Making the Political Personal

crunktastic asks a great question:

Can I feel safe in the softness of your touch if you don’t feel led to question a culture where other men routinely touch other women violently?

Its a great question, and one worth considering beyond gender politics as well.

ps – Note to crunktastic, throwing in a historically inaccurate cheap shot doesn’t bolster your arguments:

In addition to accompanying their men to the polls to monitor their votes, Black women banded together and encouraged each other to withhold sex from any man who voted against the community’s interests. These sisters knew how personal the political was long before white women said it.

Using sex to influence politics has been around as a tool for ages across world cultures.

UPDATE: I totally goofed the ps note due to utterly missing the historical reference!  Oops.  So please disregard the post script above.

Dear Less Famous Feminists: Language Miss!

Harriet J has a largely brilliant post over at RH Reality Check.  In it she makes a passionate plea for famous feminists to stand up to Naomi Wolf’s execrable defense of Julian Assange.  (Before we get started, I want to make clear that there is a difference between believing the charges against Julian are politically motivated – which I do – and failing to take the issue of rape seriously).  The issue at hand is how we talk about consent, and that is a very important conversation to have.  However on reading her post I was jarred by running into the unfamiliar terms “Zhe” and “Hir”. Had Harriet become a lolcat? No, it turns out she was simply using gender neutral terms.

This is a problem.

The English language badly needs gender neutral pronouns, this is true.  However Harriet’s use of them in her post were counterproductive for a few reasons:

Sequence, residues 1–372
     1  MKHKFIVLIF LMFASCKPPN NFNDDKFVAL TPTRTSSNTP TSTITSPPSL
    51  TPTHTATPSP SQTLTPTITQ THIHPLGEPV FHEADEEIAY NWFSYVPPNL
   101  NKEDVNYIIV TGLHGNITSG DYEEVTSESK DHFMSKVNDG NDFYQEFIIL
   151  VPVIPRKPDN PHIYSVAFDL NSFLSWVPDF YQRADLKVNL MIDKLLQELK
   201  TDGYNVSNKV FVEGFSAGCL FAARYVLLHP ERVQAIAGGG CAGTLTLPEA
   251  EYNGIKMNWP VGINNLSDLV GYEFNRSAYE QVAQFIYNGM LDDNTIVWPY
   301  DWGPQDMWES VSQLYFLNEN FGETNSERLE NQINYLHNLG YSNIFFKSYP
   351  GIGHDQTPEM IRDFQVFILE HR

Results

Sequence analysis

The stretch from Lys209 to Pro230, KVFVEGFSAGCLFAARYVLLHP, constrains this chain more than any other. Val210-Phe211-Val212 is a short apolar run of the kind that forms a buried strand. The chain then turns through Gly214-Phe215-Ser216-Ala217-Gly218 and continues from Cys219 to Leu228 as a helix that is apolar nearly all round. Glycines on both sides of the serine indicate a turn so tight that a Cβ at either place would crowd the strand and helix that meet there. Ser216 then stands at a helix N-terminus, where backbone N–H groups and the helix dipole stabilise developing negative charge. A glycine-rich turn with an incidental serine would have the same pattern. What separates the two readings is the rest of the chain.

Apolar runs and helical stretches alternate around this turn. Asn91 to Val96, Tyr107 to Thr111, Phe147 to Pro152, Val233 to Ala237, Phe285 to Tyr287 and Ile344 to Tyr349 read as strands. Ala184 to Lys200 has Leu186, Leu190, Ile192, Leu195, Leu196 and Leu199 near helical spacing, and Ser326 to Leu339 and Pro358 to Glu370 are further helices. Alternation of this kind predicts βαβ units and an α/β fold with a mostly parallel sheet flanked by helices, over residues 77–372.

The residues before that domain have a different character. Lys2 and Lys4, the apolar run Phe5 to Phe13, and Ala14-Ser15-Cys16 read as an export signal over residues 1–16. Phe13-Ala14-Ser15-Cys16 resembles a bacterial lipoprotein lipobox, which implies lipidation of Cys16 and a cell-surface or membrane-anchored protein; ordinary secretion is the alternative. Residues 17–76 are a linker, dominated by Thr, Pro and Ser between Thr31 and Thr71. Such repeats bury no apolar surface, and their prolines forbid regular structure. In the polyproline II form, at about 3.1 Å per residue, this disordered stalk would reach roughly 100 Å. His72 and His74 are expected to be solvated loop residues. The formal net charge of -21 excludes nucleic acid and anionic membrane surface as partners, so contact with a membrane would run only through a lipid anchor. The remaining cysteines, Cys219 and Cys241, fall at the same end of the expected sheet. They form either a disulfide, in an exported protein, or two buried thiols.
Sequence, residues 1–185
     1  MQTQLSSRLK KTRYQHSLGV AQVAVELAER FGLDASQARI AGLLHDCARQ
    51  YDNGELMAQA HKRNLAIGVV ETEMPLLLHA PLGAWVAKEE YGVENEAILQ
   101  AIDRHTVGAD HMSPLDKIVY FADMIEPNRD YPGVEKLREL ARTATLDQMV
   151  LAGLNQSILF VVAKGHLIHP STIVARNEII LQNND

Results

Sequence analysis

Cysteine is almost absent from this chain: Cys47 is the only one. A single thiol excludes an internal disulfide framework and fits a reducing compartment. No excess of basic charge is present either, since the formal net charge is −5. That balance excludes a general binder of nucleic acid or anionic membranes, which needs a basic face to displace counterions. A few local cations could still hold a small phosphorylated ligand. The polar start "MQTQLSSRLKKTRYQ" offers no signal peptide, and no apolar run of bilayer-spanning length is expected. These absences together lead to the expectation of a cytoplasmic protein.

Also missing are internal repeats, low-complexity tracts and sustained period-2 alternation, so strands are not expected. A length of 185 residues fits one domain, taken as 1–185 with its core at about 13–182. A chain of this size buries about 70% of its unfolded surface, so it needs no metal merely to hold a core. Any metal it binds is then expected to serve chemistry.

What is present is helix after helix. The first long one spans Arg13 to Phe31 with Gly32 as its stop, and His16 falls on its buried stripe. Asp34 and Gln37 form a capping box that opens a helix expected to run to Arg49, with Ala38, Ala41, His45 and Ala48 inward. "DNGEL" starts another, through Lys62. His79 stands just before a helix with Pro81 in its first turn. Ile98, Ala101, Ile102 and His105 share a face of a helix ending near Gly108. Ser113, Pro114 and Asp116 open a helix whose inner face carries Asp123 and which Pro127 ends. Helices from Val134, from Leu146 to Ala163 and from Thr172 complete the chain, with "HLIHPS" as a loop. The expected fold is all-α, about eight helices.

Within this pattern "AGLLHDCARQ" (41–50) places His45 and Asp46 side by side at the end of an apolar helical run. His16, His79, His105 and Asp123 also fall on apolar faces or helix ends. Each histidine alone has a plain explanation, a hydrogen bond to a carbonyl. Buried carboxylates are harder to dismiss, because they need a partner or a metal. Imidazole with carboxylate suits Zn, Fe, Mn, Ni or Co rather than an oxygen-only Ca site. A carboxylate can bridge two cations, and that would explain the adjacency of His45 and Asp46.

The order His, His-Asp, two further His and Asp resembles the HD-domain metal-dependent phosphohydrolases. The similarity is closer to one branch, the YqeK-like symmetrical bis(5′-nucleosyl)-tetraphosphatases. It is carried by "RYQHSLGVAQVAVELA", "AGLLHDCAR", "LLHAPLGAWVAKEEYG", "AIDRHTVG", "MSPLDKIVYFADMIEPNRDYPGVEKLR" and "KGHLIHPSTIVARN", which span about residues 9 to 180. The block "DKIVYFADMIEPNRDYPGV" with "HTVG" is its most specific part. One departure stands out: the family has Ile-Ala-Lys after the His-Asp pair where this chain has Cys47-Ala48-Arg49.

1. She does not use them consistently.  This is confusing for the reader.
  2. To the uninformed they are obstacles to understanding.

The consistency issue is self explanatory.  If you are going to make use of new pronouns you need to do so consistently, not haphazardly.

It is the obstacle they create that is crucial.  The issues of consent and the Assange case specifically are both hot button issues.  Communicating clearly is essential.  Given the relative obscureness of gender neutral pronouns (and lacking any introduction), they appear as typos and function as the sort of specialized language one might find in a term paper – jargon.  Jargon serves a useful purpose – it can form a mental shortcut of sorts – a method for passing larger amounts of information in a shorter amount of space.  However technically specific language is the domain of the specialist – not the layperson.  The use of such language alienates potential supporters.

As for her point, it is well made.  Naomi Wolf’s comments on rape need to be answered by someone who can concisely convey that there is more to rape than overt physical violence.

Movie Idea! A Proposal